https://suttacentral.net/iti96/en/ireland
Some time later—having truly understood the origin, ending, gratification, drawback, and escape of sensual pleasures, and having given up craving and dispelled passion for sensual pleasures—I live rid of thirst, my mind peaceful inside.

I see other sentient beings who are not free from sensual pleasures being consumed by craving for sensual pleasures, burning with passion for sensual pleasures, indulging in sensual pleasures.

I don’t envy them, nor do I hope to enjoy that. Why is that? Because there is a satisfaction that is apart from sensual pleasures and unskillful qualities, which even achieves the level of heavenly pleasure. Enjoying that satisfaction, I don’t envy what is inferior, nor do I hope to enjoy it.

https://suttacentral.net/mn75/en/sujato
Last edited by DooDoot on Thu Oct 25, 2018 3:51 am, edited 1 time in total.
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Re: Why right knowledge and right release only for Arahant?

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Zom wrote: Wed Oct 24, 2018 6:56 pm 1) Stream-winners and once-returners haven't mastered samadhi yet.
2) None of them ever get rebirth in rupa-loka realm (to be born there you must have at least 1st jhana).
Kindly provide the reference/s for these. Thanks.
DooDoot wrote: Thu Oct 25, 2018 2:25 am The sutta you quoted lists the attainments of the four enlightened persons in respect to the 10 fetters. The stream-enterer & once-returner still have minds that can return to sensuality, which obviously means they have not completed the purity of jhana (because it seems it is the non-sensual happiness of jhana that largely uproots sensual desire. I recall there is a sutta where the Buddha says until his mind mastered jhana it could still return to thoughts of sensuality). To say a stream-enterer has attained the 4th jhana seems not logical in respect to the characteristics of each of the 10 fetters (and the ending of sensual desire).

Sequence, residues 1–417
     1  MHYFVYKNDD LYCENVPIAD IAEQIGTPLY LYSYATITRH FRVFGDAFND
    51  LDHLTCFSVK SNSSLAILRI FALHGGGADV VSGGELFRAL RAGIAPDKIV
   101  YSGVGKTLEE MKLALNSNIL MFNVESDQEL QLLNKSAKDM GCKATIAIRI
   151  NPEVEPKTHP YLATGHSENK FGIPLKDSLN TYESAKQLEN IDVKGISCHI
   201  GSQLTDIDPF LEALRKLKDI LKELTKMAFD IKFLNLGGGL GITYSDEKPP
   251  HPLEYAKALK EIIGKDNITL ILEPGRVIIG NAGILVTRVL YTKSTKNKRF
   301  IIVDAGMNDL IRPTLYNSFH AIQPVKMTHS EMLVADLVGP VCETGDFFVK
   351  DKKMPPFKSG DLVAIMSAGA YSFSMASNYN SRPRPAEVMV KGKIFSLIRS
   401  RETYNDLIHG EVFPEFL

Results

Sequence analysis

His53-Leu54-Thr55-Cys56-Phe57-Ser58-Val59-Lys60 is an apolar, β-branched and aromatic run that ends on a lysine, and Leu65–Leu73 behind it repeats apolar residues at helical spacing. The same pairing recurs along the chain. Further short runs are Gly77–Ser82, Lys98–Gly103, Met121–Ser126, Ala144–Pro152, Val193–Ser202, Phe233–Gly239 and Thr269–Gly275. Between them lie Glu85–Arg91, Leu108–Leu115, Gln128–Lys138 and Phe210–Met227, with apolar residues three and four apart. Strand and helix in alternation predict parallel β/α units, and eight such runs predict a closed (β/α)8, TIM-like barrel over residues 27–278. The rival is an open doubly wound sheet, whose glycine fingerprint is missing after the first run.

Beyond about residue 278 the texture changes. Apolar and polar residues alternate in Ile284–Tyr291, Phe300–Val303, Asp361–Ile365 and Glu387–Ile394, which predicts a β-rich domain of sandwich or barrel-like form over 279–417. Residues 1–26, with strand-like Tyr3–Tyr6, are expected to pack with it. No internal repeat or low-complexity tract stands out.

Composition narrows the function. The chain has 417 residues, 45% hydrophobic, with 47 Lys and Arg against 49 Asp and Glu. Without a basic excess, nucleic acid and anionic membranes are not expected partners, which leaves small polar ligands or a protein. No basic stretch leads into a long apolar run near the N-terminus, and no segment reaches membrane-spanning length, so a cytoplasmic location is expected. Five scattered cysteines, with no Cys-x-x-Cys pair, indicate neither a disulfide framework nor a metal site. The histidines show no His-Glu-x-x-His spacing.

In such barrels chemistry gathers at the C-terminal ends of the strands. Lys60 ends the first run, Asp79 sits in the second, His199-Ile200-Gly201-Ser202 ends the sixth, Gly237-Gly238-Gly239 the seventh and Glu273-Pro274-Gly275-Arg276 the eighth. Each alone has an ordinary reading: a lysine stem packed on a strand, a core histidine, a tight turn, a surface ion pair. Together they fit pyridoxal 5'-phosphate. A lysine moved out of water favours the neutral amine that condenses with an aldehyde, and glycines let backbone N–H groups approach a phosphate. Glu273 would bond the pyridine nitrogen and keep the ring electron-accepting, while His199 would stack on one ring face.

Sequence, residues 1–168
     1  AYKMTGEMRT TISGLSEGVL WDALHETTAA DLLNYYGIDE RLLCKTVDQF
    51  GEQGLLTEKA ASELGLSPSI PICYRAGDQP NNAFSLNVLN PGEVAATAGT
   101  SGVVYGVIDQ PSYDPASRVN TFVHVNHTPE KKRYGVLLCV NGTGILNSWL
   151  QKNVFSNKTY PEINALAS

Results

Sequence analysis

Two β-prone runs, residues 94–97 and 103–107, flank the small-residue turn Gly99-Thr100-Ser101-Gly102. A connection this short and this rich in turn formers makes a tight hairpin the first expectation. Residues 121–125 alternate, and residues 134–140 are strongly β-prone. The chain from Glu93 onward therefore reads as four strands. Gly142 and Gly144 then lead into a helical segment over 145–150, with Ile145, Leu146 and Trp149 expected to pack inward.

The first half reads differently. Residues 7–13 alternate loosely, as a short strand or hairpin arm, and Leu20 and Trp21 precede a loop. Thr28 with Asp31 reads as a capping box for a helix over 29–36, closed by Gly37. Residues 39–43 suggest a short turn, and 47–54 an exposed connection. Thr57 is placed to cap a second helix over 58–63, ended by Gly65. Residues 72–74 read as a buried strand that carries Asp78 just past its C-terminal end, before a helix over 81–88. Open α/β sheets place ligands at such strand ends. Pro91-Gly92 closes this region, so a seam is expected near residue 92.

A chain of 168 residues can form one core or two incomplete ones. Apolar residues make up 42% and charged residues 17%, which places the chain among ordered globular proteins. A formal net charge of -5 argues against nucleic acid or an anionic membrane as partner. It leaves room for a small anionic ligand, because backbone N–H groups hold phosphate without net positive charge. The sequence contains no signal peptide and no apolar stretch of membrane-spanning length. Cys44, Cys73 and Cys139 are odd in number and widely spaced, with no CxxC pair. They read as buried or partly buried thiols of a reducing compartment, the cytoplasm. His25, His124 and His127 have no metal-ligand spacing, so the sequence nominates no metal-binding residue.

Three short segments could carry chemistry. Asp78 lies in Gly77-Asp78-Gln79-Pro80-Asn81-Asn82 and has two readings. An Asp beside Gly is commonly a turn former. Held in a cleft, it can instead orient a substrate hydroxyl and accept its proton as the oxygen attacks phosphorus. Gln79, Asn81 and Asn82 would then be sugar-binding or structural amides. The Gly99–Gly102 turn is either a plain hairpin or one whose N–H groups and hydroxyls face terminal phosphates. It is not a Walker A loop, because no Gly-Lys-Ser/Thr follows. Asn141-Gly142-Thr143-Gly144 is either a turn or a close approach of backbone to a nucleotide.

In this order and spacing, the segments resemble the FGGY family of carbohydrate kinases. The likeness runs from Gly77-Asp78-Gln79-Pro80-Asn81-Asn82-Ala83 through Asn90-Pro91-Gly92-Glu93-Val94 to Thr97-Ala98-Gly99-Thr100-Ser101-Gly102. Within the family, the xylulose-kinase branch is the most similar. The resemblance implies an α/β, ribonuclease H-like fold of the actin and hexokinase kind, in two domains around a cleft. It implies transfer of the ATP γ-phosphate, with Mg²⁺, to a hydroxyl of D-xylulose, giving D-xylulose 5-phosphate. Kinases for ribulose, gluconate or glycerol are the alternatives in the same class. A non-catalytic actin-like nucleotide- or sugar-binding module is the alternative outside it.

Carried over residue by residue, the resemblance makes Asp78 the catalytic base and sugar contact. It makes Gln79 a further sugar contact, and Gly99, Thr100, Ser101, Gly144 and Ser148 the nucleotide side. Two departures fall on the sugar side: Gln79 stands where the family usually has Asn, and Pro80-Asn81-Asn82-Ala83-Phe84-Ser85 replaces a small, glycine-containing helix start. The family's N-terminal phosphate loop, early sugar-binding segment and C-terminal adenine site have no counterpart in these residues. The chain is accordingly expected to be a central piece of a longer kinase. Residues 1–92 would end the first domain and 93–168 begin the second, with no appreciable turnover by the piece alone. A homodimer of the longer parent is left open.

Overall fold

It seems you are equating jhanas which are temporary to the permanent removal of 10 fetters. According to your theory, Āḷāra Kālāma's incident (see DN 16) is impossible as how a common worldling and not even a Buddhist can achieve such a feat!